The kinship Spagnoli speaks of is reflected in the letters TI:GER students send to Batts each year. It is their way of showing appreciation to the man who helps make the program possible. The letters from students are priceless to him, and he said the best part is learning about the students and the fields they are interested in.  

TI:GER student Theodore LaGrow wrote the following to Mr. Batts:  

Headshot of Theodor LaGrow
Theodore LaGrow, Full-time MBA 2022, Ph.D. 2023 

“Dear Mr. Batts, 

Thank you for your contribution to the TI:GER program. As a Ph.D. student coming directly from science, I joined the MBA program to learn the language of technology innovation as I run my own early-stage startup. The TI:GER program is what I needed to leverage the insightful practicum with the CDL-Atlanta ventures and the teaching of Jonathan Giuliano. Leveraging strategy frameworks and the Entrepreneurial Design Workbook, the program has allowed me to practice with my peers’ research and the startups in the community. The TI:GER program is a staple at Scheller. I am proud to say I am a TI:GER student and excited to join the alumni ranks.”  

Theodore LaGrow, Full-time MBA 2022, Ph.D. 2023 
Co-founder and Director of Research Development, Insight Optics 

Batts encourages other alumni to give back in areas that will have the biggest impact on a student’s life. To him, nothing beats the hands-on experience students get in the TI:GER program. “You get to try a lot of different things when you’re a student. You can’t get away with things once you’re at a real-world job,” he said. 

Akihiro Manda is one of those students who had hands-on experience due to Batt’s generosity.  

headshot of Akihiro Manda
Akihiro Manda, Full-time MBA 2023 

"Dear Mr. Batts,  

Thank you so much for your generous support of the TI:GER program. I came from Japan to join Georgia Tech’s MBA program, and TI:GER was the primary reason. I'm now in my final semester of the program, and it has been one of the most rewarding experiences of my MBA journey. I have expanded my network and my education through the program. After graduating this May, I’m excited to work as an innovation accelerator at a Japanese general contractor. I appreciate your generosity that has made this opportunity available to my classmates and me.”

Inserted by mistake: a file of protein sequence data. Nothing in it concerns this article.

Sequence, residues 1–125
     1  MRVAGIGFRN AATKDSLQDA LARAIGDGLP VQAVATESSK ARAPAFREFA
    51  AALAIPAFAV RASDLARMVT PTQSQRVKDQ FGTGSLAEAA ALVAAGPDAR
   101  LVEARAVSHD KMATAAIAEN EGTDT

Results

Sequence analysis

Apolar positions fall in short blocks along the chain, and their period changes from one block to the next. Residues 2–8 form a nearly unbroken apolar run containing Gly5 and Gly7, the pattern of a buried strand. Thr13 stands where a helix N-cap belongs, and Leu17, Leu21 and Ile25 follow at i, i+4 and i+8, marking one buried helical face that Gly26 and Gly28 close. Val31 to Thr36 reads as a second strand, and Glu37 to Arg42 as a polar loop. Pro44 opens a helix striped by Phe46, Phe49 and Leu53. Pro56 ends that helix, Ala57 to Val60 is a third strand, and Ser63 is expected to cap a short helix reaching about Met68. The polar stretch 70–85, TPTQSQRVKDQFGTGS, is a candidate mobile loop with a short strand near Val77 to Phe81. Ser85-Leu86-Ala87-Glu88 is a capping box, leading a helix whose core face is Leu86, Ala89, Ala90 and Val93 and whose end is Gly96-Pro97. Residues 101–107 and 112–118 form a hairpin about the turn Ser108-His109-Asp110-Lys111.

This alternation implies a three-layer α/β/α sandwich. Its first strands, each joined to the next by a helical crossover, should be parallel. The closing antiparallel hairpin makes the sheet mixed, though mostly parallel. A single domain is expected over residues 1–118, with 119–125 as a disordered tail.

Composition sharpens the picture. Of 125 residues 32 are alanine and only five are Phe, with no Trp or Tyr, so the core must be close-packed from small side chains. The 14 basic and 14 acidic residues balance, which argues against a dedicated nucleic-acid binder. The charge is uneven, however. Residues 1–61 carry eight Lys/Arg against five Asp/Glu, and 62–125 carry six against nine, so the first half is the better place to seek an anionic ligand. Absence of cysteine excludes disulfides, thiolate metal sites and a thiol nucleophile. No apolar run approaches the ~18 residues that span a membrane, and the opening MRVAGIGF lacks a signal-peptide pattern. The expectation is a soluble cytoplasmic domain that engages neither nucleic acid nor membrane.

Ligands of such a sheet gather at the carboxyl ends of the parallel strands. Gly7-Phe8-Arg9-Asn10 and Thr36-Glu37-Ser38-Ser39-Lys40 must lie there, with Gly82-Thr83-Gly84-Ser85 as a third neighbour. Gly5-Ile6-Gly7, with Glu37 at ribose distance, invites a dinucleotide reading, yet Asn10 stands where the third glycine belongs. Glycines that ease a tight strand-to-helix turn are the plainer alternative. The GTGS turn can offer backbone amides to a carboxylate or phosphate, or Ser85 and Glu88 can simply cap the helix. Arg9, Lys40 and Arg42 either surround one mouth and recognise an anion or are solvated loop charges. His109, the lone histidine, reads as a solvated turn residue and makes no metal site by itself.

Akihiro Manda, Full-time MBA 2023 
Venture Manager, Kajima

“Warren's unwavering support for the TI:GER program has made a long-lasting impact on hundreds of TI:GER alumni,” said Jonathan Giuliano, executive director and academic director of TI:GER. “Our students have found the program to be transformative in their education and their careers. Warren's philanthropy offers an inspirational example to students and alumni. All of us in the TI:GER program are grateful. It is an honor to know him.”

With a lifetime of achievement and success, Batts’ passion for paying it forward continues to change the lives of so many Georgia Tech students. He’s helping students achieve their true potential, as Kelly Pierce describes.  

headshot of Kelly Pierce
Kelly Pierce, Evening MBA 2023 

“Dear Mr. Batts, 

Thank you so much for supporting the TI:GER program at Georgia Tech. I'm now in my third and final semester of the program, and it has been one of the most rewarding experiences of my MBA journey so far. I enjoyed the interdisciplinary and hands-on approach and the connections I have made. I have expanded my understanding of the start-up space in the program and unlocked a previously unrecognized creative drive and interest in becoming an entrepreneur. The program has pushed me beyond what I perceived as my limits and made me eager to continue expanding upon my experiences. We appreciate your generosity that has made this opportunity available to my classmates and me.”      

Kelly Pierce, Evening MBA 2023 
Assistant Director of Marketing, Georgia Tech Professional Education 

Warren and Eloise’s unwavering dedication to giving back to his alma mater exemplifies the true spirit of paying it forward. Their commitment to supporting education will make an impact for generations to come.